Bud Powell (1924-1966) and Thelonious Monk (1917-1982) were two of the creators of modern jazz, a pair of geniuses whose impact upon the music continues to, and always will, be felt. Over the past five-plus decades little has been played on the piano that does not bear Powell's mark, even if indirectly. And after Ellington, Monk is jazz's most unique and influential composer, as well as an equally eminent and original piano stylist.

Bud Powell: The Complete Blue Note and Roost Recordings (Blue Note CDP 30083, four CDs, total playing time: 4:36:58), opens with Powell's first date as a leader, a January 1947 trio session originally released on the Roost label. Six of the eight tracks are standards and Powell is brilliant on all of them. Especially outstanding are his relaxed stroll through "Somebody Loves Me," sporting some rich, closely voiced block chords, and "Indiana," featuring rapid-fire single-note passages over percussive, asymmetric left-hand accents, two hallmarks of Powell's playing at its best. Also noteworthy is his ethereal, at times, almost harp-like, take on "I Should Care."

In August 1949 the pianist cut four quintet sides for Blue Note that number among the essential bebop recordings, three Powell originals - Bouncing with Bud," "Wail," "Dance of the Infidels" - and Monk's "52nd Street Theme." (Here, and throughout the set, alternate takes are included and, with regard to the evolution of the finished product, they prove quite instructive.) The doomed Fats Navarro, the only trumpeter of the day who could rival the great Diz, plays at peak form - in less than a year he would be gone. Sonny Rollins, just eighteen years old, is precocious and confident, displaying the germs of his distinctive tenor saxophone tone and improvisational wit. And throughout, Roy Haynes provides some of the most intelligent and adventurous drumming on any Powell date.

There also is some remarkable percussion work on Powell's next Blue Note session, the May 1951 trio outing with drummer Max Roach that produced "Un Poco Loco," one of his most boldly pianistic compositions and a masterpiece of modern jazz. During the montuno section - unique for its time - Roach's dense, Afro-Cuban-inspired polyrhythms mesh with Powell's dark, aggressive improvisation into a marvel of musical unity. Also from this session, and at nearly the same level, are "A Night in Tunisia" - four-plus minutes of pure inspiration, propelled by Roach's unrelenting brush work, that culminate in one of Powell's signature octave codas - and a melancholy, Art Tatum-inspired ballad reading of "It Could Happen to You." There also is an interesting, incomplete performance of Powell's important composition, "Parisian Thoroughfare" (previously recorded for Verve), that appears to be cruising along smoothly until the pianist suddenly cuts it short in the midst of his sixth improvised chorus.

Two 1953 sessions feature Powell's excellent working trio, with George Duvivier on bass and Arthur Taylor on drums. On "Autumn in New York" Powell's right-hand chords merge with a restless sixteenth-note counterpoint played by Powell's left hand and Duvivier's bass. The result is agitated, unsettling, and completely faithful to the text of Vernon Duke's bittersweet urban ballad. A swinging trip through "I Want to Be Happy," with an excellent Duvivier solo, recalls the joy of Powell's first Roost date. On the other hand, his brooding, dirge-like interpretation of "Polka Dots and Moonbeams" is haunting and even a bit disturbing. Then there is Powell's "Glass Enclosure," an extraordinary through-composed trio piece with wide shifts of tempo and mood, rubato sections, and dense written passages for piano and arco bass.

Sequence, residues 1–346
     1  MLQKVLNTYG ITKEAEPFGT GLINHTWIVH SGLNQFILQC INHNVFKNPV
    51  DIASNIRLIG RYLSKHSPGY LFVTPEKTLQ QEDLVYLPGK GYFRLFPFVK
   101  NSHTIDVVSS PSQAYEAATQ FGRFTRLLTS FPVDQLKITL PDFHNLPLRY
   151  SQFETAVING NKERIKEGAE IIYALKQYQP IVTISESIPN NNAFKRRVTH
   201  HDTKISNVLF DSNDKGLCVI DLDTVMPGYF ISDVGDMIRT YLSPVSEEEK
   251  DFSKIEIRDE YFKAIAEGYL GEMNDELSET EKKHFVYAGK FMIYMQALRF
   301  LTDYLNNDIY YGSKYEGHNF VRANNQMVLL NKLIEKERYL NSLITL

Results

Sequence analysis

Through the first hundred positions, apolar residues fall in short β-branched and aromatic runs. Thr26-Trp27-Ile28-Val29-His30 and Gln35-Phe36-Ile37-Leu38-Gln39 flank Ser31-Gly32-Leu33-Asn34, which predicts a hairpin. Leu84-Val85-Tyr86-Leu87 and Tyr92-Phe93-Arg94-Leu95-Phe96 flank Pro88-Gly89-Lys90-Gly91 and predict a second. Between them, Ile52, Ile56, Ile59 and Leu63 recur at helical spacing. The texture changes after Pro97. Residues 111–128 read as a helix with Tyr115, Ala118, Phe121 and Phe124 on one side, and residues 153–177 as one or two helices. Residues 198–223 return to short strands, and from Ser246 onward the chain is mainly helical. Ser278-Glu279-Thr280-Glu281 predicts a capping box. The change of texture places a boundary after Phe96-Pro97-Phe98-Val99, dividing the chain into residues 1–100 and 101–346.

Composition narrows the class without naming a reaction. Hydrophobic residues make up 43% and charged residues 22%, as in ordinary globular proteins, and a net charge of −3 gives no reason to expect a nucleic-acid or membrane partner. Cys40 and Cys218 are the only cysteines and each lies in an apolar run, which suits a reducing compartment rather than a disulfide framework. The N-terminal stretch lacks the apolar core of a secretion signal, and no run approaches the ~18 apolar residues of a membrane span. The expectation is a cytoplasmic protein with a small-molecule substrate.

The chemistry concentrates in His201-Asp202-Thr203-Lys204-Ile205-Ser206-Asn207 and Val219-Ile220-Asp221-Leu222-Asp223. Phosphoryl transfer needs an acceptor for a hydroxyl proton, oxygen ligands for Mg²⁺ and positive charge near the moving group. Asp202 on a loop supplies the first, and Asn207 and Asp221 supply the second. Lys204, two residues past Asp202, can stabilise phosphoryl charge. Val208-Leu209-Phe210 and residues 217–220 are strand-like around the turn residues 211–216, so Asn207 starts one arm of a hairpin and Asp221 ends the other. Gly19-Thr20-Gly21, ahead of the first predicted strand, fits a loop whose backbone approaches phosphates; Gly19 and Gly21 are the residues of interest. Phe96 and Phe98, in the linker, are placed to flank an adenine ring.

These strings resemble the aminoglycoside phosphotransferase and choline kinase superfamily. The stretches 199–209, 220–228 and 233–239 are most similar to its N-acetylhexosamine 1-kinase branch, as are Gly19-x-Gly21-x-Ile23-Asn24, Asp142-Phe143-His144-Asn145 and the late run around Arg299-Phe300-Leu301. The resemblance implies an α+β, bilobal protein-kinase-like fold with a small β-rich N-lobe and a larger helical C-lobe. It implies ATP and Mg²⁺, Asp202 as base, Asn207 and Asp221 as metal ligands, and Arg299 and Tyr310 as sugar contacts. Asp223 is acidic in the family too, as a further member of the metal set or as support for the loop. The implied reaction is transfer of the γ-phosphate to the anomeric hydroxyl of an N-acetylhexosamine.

Powell returned to the Blue Note label in 1957 and again in 1958 for three more trio sessions - two with bassist Paul Chambers and Taylor on drums, one with Sam Jones on bass and drummer Philly Joe Jones - plus three tracks on which he is joined by the then up-and-coming trombonist, Curtis Fuller. The previous months and years had been an erratic period for Powell, both personally and professionally, but he is in good shape on these sides. Except for the Fuller sides, these dates feature Powell's compositions exclusively. Perhaps, knowing that he could not always rely on his piano chops, Powell began looking more toward writing as an avenue of self-expression. In any event, he was a hugely underrated composer and it's a shame that pieces like the sixteen-bar blues, "Blue Pearl," the sunny, Monkish "Monopoly," and his lovely ballad, "Time Waits" (whose title, interestingly, contradicts that of an earlier Powell masterpiece, "Tempus Fugit"), aren't played more often by the pianists of today.

The collection ends with a relaxed trio version of "Like Someone in Love," recorded at same 1963 date that produced Dexter Gordon's superb Our Man in Paris album (on which Powell appeared) and featuring the excellent French bassist, Pierre Michelot, and the longtime émigré, drummer Kenny Clarke. During this time, Powell was in the midst of his extended residence in Paris, the period in his life that, in part, inspired the 1987 film, 'Round Midnight, that starred Gordon. Powell plays well on this tune, as he did on the entire session, but it was one of his last days in the sun.

Unlike the Blue Note set, which manages to capture Powell in good to excellent form nearly throughout, The Complete Bud Powell on Verve (Verve 315 521 669, five CDs, 5:14:21), spanning more or less the same period (1949-56), documents the pianist's high highs and even lower lows. Verve also has released a single-disc sampler with no weak spots or alternate takes, The Best of Bud Powell on Verve (Verve 314 253 392, 58:02), drawn from Powell's most assured sessions for the label.